Wirral remembers Srebrenica massacre with handmade flower display

The Srebrenica massacre took place in 1995 during the Bosnian war. More than 8000 unarmed Bosnian Muslims sheltering in a UN ‘safe area’ were slaughtered: the biggest civilian atrocity in Europe since WWII.

This week at Birkenhead Central Library, there is a display of 8372 handmade white flowers to represent each person who lost their life because of their identity in the atrocity.

Director of Education at Wirral Deen Centre and Vice-Chair for Remembering Srebrenica NW, Neil Sledge, said, “[Making the flowers] was a great effort from many schools, voluntary, faith and community organisations and the Wirral Deen Centre. Thanks to everyone involved, staff at the library … for all their support. That’s one flower for every Muslim and boy killed this week in 1995 in Srebrenica because of their identity/faith.

“Please come and see, leave a message, remember, learn, and pledge. Counting, glueing, and cutting that many really makes you realise how big that number was.”

Pauline Cocker MBE said, “Every flower made represents a life taken because of learned hatred. We must never forget and we must pledge to help everyone to live in peace and harmony.”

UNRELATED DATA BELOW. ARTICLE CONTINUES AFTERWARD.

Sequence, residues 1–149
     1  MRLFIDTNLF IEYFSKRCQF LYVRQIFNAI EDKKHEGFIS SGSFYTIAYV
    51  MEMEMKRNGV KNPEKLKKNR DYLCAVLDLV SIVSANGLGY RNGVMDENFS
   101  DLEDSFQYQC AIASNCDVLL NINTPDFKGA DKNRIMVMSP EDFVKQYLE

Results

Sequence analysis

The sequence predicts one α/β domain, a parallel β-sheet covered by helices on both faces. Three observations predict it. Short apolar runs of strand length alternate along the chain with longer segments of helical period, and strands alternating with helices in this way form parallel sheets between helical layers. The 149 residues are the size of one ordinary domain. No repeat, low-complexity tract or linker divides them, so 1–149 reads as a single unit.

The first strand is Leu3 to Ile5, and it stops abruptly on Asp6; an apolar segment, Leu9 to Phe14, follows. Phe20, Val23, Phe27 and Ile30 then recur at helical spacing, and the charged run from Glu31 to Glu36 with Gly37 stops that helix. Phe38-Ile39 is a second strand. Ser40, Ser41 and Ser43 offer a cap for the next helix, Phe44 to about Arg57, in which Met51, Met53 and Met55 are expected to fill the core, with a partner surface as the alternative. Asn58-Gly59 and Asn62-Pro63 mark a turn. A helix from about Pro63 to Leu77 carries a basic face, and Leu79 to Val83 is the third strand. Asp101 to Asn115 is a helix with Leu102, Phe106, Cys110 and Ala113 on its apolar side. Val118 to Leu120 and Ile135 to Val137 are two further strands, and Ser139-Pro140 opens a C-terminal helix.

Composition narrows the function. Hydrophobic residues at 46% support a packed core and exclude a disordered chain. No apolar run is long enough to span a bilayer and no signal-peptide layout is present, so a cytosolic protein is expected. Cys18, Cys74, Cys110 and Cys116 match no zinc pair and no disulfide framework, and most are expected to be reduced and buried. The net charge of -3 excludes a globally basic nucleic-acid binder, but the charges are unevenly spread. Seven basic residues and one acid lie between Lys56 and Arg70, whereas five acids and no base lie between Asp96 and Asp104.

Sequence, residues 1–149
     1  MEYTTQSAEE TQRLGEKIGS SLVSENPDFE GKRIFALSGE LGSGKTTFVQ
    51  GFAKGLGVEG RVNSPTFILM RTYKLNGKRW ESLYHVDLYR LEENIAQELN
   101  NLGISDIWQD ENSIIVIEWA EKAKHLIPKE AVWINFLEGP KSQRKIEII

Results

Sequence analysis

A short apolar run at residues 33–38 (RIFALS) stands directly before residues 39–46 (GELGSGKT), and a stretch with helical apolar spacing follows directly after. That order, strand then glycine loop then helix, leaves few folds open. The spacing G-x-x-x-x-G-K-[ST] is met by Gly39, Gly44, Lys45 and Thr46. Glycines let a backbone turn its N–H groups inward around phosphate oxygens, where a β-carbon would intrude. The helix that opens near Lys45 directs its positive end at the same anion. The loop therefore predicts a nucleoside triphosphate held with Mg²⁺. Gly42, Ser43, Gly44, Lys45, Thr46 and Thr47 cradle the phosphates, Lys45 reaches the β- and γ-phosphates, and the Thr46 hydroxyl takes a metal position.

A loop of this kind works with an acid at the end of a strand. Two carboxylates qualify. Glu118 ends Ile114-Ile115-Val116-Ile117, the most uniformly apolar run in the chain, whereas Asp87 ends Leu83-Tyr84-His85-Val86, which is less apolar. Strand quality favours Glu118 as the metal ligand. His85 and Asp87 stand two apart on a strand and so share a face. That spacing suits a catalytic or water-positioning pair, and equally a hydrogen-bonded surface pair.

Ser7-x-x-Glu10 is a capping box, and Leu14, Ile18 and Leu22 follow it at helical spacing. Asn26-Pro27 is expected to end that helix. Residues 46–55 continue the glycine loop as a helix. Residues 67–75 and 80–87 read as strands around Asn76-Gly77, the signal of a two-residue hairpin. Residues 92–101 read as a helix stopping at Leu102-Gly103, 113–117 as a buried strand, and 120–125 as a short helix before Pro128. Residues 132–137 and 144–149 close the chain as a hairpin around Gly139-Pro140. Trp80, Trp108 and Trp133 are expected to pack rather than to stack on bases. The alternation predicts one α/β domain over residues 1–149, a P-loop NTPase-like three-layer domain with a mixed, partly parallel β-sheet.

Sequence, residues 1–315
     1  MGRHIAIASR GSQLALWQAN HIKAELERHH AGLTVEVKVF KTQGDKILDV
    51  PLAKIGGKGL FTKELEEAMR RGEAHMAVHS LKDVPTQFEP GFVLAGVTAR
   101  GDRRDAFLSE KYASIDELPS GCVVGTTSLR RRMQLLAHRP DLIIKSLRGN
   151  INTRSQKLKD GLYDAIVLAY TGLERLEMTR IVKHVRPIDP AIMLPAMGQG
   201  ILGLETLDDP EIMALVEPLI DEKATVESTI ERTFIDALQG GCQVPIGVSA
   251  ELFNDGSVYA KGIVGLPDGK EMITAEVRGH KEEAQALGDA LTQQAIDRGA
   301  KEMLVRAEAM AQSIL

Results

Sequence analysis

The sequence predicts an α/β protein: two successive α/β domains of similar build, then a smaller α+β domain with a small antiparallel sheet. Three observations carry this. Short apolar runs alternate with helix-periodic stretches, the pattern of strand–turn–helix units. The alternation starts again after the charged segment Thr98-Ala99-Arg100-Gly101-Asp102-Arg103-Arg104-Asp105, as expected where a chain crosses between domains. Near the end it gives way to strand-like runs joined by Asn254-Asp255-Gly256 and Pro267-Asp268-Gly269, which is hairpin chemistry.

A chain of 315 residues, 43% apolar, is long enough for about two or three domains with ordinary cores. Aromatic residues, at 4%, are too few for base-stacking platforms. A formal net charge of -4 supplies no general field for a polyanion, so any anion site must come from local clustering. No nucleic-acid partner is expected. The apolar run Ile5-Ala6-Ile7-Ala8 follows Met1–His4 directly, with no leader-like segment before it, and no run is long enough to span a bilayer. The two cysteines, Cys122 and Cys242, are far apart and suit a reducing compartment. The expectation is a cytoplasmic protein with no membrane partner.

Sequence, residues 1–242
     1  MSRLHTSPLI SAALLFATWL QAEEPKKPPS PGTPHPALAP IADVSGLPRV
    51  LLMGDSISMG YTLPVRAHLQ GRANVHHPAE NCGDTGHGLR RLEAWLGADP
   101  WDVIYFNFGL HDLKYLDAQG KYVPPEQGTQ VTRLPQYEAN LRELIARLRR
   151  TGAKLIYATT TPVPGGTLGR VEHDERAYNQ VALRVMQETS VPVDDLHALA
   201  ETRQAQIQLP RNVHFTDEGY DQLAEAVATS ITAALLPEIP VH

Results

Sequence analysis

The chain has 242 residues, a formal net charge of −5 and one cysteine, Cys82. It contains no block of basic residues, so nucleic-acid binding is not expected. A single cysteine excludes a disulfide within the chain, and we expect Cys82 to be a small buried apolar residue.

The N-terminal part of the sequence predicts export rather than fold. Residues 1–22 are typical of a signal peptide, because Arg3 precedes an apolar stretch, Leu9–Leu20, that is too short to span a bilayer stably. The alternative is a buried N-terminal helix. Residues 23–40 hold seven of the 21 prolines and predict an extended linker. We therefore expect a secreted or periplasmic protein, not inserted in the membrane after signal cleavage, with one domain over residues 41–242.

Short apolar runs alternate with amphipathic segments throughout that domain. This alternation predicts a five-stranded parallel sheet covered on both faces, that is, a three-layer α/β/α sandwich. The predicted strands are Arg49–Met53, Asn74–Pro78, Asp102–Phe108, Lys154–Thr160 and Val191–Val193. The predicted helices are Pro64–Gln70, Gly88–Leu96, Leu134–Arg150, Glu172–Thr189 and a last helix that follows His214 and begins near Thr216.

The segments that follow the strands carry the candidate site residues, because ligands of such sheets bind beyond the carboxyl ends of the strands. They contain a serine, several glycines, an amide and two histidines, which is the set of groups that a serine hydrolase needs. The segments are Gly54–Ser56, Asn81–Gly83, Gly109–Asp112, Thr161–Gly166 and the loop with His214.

The exhibition is at Birkenhead Central Library and runs until Friday 29 July. It is open Monday to Saturday, 10am – 1pm and 2pm – 5pm.

What was the Srebrenica massacre?

The town of Srebrenica came to international prominence as a result of events during the Bosnian War, which took place between 1992 and 1995.

The objectives of the Bosnian Serbs included the creation of a border separating the Serb people from Bosnia’s other ethnic communities and the abolition of the border separating Serbia and the Bosnian Serbs’ Republika Srpska.

The Bosnian Muslim/Bosniak majority population of the area posed a major obstacle to the achievement of these objectives.

In the early days of the campaign of ethnic cleansing that followed the outbreak of war in April 1992 the town of Srebrenica was occupied by Serb/Serbian forces. It was subsequently retaken by Bosniak resistance groups.

The town and its surrounding area was surrounded and besieged by Serb forces. On 16 April 1993, the United Nations declared the Bosnian Muslim/Bosniak enclave a UN safe area, to be “free from any armed attack or any other hostile act.”

In July 1995, despite the town’s UN-protected status, it was attacked and captured by the Army of Republika Srpska.

Following the town’s capture, all men of fighting age who fell into Bosnian Serb hands were massacred in a systematically organised series of summary executions.

The Srebrenica massacre is considered the worst genocide in post-Second World War European history to this day, with over 8000 Bosnian Muslims killed.

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